Newsletter – August 1, 2012
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How long does it take to hire well?
Ever feel like you can’t find enough time to devote to hiring? So does this reader, who writes:
I know you recommend being really thorough when hiring – headhunting, phone screens, multiple interviews, exercises, etc. But I don’t have a ton of time to spend on hiring, which means that if I do all those steps, the process really stretches out over a long period of time … which leaves me with a vacancy longer and has sometimes meant that I’ve lost good candidates. How do I balance being thorough with moving reasonably quickly, while still getting all the rest of my work done?
Hiring does take a lot of time. But it should – after all, think about what hiring is: it’s selecting the make-up of your team, and little is more fundamental or crucial. If you really believe that great people make a huge difference in what you’re able to get done (and that not-so-great people also have a huge impact, in the other direction), then you’ve got to invest significant time in your hiring process.
But you’re right that if it drags on too long, you risk losing good candidates. And that’s why you’ve got to carve out significant time to spend on the process every week – or close to every week – when you have an open position. (Note to anyone who’s applied for a job with us: We haven’t always modeled this!)
Here are four keys that will help balance speed and thoroughness when you’re hiring:
1. Set aside serious time each week to dedicate solely to hiring work – ideally a full day and an additional two-hour block. Use that time to build your pool of candidates, review resumes, schedule and conduct interviews, and keep the process moving. You can get a ton accomplished in these chunks if you’re vigilant about protecting them on your calendar!
2. Put a lot of time into building the pool – things like personal outreach to sources of potential candidates and recruiting “passive candidates” (those who might not be actively job searching). When you’re trying to fill a position quickly, you might be tempted to skip this step, but you’ll cripple your hiring if you do – this type of personal outreach is the biggest thing you can do to make sure that you have the right candidates in your pool, which will help you find the right person faster.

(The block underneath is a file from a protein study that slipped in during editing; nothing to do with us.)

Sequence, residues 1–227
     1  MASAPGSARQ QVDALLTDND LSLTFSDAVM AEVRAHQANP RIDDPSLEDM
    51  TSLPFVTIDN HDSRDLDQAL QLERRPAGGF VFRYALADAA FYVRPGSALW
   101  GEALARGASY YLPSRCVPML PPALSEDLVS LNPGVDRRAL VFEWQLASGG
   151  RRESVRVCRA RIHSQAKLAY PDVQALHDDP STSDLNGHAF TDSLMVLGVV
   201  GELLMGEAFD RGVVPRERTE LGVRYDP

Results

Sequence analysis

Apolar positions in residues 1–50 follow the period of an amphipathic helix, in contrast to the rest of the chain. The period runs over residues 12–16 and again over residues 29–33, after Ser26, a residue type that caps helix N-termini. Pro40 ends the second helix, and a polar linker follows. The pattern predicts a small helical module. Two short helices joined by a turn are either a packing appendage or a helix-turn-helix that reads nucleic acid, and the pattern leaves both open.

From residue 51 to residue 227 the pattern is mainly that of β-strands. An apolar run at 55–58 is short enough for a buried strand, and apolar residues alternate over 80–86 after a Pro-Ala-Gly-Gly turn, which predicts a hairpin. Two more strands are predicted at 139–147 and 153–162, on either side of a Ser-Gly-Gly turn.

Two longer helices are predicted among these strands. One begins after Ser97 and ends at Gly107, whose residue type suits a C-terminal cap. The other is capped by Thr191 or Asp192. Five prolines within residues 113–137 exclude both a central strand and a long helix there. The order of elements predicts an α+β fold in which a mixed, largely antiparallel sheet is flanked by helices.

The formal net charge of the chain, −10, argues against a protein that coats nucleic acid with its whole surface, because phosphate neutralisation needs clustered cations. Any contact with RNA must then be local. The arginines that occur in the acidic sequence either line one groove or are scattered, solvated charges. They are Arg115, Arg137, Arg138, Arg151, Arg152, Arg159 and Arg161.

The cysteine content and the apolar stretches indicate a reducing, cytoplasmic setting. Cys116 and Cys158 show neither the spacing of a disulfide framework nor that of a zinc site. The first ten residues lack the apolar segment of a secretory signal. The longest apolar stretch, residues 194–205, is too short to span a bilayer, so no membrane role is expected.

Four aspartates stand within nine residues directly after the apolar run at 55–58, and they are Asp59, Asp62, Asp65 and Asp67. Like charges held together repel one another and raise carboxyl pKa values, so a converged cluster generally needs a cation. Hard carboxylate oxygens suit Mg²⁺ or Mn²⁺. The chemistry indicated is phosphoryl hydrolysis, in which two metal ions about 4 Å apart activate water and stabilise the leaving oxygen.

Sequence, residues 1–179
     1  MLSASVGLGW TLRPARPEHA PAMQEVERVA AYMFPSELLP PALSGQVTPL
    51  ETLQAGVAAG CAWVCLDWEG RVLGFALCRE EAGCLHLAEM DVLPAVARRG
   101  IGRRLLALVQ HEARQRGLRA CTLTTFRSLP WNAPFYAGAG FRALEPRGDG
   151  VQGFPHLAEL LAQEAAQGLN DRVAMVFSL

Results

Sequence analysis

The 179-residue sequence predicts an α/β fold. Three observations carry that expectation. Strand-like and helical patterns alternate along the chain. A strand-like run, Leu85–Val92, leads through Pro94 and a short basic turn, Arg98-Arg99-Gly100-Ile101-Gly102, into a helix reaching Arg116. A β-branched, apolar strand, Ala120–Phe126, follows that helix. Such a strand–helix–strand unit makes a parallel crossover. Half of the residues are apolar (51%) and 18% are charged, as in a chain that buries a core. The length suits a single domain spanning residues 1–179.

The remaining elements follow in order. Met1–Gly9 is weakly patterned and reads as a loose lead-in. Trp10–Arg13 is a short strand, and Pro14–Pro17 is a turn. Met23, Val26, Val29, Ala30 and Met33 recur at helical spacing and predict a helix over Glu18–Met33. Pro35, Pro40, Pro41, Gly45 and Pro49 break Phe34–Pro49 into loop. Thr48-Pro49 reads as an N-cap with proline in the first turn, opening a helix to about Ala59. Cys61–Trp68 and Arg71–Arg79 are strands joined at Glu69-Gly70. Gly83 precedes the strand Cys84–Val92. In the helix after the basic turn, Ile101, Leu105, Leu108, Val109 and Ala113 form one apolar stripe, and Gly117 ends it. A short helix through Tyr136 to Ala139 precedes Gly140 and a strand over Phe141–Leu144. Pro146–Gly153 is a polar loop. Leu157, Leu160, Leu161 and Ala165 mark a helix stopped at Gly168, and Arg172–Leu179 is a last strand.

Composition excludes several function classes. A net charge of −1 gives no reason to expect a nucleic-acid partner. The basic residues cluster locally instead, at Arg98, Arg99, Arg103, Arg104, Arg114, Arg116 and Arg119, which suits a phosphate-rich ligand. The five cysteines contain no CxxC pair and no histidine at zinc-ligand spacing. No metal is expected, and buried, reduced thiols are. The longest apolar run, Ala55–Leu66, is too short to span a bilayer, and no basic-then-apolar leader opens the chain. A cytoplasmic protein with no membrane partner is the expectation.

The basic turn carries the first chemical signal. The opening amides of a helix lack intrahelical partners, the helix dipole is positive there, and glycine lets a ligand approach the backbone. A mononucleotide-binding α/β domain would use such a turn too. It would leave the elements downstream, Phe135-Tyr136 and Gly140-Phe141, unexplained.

3. Find alternatives to rushing into a hire. No matter how urgently you need to fill a vacancy, you’re nearly always better off keeping the position open and searching for the right person than hiring someone who isn’t quite right. You’ll spend far more time and energy dealing with the consequences of a bad hire than you’ll save by filling the position quickly (to say nothing of the enormous opportunity loss from not hiring a super star). Instead, look for interim solutions so that you don’t hire out of desperation. For instance, you might be able to bring someone in temporarily or pull someone in from another part of the organization where the needs aren’t as critical right now.
4. Keeping reminding yourself of why it matters. If you’re not truly convinced of how important hiring is, you’ll find excuses to spend less time on it. So keep reminding yourself that if you’re going to get great results, you’ve got to start with people who are truly right for the job, not just almost right – and it’s worth the work to find them.
Here are some more resources you might find useful:
1. This Forbes article has a great list of seven common goal-setting mistakes, from negotiating goals downward to accepting seesaw trades. (Check out the account of how one nonprofit charged staffers with focusing on – and excelling at – a single goal in order to jumpstart their results.)
2. Are you making these 10 feedback mistakes?
Do a quick rundown of this list and test your feedback habits.
3. How did Genghis Khan manage telecommuters?
Genghis Khan didn’t have web conferencing software but still oversaw a widespread team. Here’s how.
If you have a question that you’d like us to answer in a future newsletter, we want to hear it! Email it to us at firstname.lastname@example.org. We’ll field as many of them as we can.
Alison Green and Jerry Hauser
The Management Center